tvwinstonThe tobacco industry always uses the most advanced mass media to advertise cigarettes. From the very beginning cigarette makers advertised generously in newspapers, magazines and in outdoor venues. During the heyday of radio from the 1930s to the 1950s, cigarette companies began to sponsor prime-time programs.  During the rise of television in the 1950s cigarette companies again moved aggressively and quickly to dominate prime time advertising time.  In 1967, under the Fairness Doctrine, the Federal Communications Commission (FCC) required TV stations to broadcast anti-smoking ads at no cost to the agencies providing them. In 1969, Congress passed the Public Health Cigarette Smoking Act that banned all cigarette ads on television and radio starting January 2, 1971.

Target Audiences

Advertising is important to cigarette makers who strive to recruit new smokers (usually in their teens), maintain current smokers, and persuade smokers to switch to their brands. Scientific evidence shows that tobacco company advertising and promotion influences young...

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KOOL Beetleboard

Brown and Williamson and R.J. Reynolds offered VW Beetle owners “a free paint job that dramatically increases the value of their vehicle in most instances.” Drivers received a monthly driver payment and had the opportunity to earn even more cash through participation...

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1870s-1900s Color Lithography

Color lithography of the late 1870s allowed companies to create more attractive package illustrations to better promote their products.  By the 1890s magazines carried advertisements for cigarettes, snuff and pipe tobacco. A common marketing device in those days was...

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Point of Sale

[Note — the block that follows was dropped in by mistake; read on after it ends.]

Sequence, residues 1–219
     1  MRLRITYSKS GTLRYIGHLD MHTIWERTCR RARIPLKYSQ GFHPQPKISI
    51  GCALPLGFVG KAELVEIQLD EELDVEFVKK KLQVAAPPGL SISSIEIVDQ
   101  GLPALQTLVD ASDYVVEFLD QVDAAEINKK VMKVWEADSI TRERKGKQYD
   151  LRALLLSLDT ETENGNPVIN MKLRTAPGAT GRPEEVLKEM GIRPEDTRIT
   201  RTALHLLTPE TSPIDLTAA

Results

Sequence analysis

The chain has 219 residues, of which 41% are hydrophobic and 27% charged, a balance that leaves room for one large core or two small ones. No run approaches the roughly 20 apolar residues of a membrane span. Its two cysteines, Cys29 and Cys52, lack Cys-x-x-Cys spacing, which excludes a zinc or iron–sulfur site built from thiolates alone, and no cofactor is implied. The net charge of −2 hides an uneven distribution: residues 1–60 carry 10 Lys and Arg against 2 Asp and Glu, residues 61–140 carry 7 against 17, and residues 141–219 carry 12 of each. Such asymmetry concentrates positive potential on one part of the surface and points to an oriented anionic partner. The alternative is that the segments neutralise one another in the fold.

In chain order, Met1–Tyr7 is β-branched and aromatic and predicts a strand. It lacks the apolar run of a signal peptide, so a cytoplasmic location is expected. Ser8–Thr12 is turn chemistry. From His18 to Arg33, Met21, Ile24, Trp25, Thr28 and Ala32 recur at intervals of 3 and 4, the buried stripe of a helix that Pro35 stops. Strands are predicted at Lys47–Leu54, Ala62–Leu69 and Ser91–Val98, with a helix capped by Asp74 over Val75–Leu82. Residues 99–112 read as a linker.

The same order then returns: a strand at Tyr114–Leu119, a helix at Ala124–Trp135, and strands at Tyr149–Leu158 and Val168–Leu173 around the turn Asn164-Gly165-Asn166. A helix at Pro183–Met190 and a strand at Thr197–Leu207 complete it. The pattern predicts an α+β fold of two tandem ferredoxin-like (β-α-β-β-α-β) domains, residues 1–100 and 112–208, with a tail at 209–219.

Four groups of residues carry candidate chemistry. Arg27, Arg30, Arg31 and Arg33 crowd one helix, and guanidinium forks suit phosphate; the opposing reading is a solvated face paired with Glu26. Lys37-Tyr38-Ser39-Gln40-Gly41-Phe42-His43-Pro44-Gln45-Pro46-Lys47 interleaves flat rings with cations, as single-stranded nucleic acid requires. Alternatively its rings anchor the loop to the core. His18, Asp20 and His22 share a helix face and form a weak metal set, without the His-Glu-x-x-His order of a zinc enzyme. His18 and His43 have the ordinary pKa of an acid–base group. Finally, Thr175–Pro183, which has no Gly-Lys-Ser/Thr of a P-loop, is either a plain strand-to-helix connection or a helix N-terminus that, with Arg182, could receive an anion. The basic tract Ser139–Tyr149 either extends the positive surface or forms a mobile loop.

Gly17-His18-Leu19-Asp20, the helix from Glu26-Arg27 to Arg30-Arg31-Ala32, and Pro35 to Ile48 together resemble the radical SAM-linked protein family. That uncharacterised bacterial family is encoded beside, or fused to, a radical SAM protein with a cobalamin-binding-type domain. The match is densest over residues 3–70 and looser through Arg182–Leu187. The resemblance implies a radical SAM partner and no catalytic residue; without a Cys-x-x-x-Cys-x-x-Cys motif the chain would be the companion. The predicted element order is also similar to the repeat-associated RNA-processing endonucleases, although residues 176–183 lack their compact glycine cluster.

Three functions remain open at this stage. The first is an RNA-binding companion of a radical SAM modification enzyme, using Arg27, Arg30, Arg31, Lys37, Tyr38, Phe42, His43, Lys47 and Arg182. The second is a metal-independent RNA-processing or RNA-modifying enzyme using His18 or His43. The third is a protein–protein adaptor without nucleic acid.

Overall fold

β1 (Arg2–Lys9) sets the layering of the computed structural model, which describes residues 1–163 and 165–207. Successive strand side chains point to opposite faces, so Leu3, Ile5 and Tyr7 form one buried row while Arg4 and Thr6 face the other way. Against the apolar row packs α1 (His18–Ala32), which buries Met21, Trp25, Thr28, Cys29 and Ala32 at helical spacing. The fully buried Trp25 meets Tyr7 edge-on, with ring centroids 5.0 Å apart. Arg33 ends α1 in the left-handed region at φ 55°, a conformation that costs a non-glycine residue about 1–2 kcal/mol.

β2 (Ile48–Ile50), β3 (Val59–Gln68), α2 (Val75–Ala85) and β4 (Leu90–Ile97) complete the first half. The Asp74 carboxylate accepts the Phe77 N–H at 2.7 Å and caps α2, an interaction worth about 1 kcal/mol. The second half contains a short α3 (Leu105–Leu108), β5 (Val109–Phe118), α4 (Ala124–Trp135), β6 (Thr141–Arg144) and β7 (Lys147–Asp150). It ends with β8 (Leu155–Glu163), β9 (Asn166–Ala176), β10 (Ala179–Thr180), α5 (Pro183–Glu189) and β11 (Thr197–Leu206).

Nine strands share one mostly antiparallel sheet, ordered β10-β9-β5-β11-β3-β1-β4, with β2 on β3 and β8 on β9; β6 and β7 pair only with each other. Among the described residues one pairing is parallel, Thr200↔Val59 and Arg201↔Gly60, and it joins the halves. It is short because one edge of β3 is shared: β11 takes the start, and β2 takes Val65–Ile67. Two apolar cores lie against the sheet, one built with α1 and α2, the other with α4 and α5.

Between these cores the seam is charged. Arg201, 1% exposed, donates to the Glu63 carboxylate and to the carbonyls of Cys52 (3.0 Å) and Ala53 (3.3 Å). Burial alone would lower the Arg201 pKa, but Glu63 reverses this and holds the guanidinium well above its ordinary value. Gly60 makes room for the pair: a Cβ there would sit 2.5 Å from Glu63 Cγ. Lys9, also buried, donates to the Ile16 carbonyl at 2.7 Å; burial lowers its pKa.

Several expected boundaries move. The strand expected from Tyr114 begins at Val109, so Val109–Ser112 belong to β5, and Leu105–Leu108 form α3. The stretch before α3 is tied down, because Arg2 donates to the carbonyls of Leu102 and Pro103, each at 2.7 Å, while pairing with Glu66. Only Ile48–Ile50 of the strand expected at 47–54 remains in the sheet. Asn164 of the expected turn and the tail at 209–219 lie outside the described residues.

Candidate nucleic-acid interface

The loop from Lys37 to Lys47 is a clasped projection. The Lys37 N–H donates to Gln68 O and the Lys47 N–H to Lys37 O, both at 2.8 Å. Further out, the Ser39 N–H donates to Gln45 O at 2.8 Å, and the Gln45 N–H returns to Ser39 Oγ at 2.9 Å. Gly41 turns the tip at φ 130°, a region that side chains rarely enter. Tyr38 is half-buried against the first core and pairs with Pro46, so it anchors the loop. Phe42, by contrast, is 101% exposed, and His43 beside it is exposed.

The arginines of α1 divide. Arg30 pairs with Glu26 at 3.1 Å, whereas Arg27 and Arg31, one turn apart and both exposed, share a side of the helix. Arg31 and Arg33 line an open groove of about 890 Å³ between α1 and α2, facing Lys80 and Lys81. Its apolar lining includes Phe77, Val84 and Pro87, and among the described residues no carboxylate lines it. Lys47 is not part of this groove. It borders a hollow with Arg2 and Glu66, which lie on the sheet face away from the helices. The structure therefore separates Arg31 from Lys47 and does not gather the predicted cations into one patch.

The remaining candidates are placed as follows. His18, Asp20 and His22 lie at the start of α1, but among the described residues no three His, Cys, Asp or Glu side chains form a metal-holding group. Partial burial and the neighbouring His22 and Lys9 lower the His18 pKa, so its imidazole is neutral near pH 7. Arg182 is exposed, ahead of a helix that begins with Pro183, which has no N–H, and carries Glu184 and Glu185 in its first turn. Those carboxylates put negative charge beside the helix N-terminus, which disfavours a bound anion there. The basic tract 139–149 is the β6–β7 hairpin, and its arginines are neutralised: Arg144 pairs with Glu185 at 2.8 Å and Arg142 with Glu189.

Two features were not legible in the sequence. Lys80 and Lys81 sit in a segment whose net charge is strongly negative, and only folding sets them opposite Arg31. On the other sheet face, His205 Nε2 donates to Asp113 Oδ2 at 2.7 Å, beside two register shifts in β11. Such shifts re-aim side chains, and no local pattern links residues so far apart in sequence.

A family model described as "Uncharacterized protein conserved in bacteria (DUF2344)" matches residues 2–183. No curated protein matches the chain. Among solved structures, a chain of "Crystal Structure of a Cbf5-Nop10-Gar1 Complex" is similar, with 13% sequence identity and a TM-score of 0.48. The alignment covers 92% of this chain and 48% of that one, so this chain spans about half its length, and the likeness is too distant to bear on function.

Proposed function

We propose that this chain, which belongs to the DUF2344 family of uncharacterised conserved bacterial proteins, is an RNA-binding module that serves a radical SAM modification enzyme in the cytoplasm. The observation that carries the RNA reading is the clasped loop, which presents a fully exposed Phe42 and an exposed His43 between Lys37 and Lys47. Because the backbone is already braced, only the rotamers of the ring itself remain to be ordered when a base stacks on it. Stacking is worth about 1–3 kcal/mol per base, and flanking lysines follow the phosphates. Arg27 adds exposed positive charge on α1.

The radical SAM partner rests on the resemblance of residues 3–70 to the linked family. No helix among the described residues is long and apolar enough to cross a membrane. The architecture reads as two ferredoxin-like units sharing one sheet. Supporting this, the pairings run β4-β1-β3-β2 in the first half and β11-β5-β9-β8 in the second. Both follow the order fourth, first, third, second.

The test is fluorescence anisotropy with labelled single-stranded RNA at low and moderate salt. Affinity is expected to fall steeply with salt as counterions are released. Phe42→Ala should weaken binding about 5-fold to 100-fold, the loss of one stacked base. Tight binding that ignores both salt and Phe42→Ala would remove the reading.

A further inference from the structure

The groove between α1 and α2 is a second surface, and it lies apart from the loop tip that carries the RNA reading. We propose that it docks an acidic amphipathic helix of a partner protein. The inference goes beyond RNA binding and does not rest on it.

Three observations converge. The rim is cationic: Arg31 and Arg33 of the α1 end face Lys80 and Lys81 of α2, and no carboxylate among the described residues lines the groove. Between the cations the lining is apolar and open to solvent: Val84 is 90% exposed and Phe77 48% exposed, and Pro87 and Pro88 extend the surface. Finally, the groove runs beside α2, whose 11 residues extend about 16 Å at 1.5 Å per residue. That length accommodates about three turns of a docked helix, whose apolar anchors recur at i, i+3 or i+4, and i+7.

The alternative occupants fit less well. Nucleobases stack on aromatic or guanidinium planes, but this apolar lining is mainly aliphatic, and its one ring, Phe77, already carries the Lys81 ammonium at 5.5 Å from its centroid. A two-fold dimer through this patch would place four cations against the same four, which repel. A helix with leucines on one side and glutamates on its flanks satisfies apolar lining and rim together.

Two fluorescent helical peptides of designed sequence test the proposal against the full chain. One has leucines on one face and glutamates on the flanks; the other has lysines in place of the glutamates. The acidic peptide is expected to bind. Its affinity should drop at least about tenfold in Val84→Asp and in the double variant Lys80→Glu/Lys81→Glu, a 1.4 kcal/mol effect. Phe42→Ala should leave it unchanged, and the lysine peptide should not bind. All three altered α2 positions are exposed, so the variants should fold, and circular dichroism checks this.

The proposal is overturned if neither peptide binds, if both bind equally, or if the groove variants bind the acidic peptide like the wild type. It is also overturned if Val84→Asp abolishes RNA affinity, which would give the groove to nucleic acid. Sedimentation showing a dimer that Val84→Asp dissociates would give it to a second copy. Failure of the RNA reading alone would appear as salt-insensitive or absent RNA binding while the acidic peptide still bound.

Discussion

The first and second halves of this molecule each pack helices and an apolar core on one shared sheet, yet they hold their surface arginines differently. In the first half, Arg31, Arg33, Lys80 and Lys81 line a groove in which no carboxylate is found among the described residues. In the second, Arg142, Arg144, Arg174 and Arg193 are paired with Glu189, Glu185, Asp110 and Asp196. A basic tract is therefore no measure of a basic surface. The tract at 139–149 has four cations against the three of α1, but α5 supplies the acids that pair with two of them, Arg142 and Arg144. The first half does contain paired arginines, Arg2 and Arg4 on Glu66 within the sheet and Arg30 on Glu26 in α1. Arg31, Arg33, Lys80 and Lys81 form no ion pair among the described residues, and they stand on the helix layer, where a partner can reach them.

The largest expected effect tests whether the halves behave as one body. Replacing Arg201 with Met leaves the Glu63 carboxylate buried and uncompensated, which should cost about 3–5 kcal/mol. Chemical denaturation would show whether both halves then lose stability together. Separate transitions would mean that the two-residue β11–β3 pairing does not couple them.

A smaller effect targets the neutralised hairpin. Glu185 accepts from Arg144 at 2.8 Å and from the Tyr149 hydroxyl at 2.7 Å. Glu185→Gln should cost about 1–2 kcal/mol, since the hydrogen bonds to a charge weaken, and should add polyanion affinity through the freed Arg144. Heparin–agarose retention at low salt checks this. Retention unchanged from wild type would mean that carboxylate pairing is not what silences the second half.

In the late 1940s Lorillard and R.J. Reynolds added self-service displays at checkout counters. From 1970 until 1989 most stores featured a cigarette kiosk near its main entrance. Cigarette companies continue to pay retailers for prime advertising display space as...

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Price Marketing

Today, tobacco companies spend the bulk of marketing dollars at retail stores with price discounts, prime product placement to attract buyers, and in-store advertising.  Lower prices mean more sales and more consumption.  Price promotions like “buy-one, get-one free,”...

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Movies

Cigarette makers have long understood the value of encouraging tobacco use through product placement in movies of all ratings.   CDC factsheet on smoking in movies....

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Loyalty Marketing Programs

Raleigh, and later Belair smokers, could collect B&W Coupons in exchange for gifts that could be ordered through the Brown & Williamson Premium Plan catalog. Later, Philip Morris and R.J. Reynolds would create similar loyalty programs using Marlboro Miles and Camel Cash.

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Web and Social Media Marketing

Cigarette companies use websites to register new users under the guise of age verification, and capture personal information to use for marketing programs.  A study found that of the top representative cigarette brands there were 238 Facebook fan pages, 46 cigarette...

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Smokers’ Databases

Cigarette makers have developed sophisticated consumer monitoring databases containing information on millions of smokers that were acquired through website registrations (below), sign-ups, give-away programs, special events, and through data-base companies. ...

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Sponsorships

  In spite of the ban on sports sponsorship, the regulations allowed indirect promotion of brands by way of stadium billboards and other advertising devices.  This practice has been banned in the U.S., but cigarette sports sponsorship and promotion continue...

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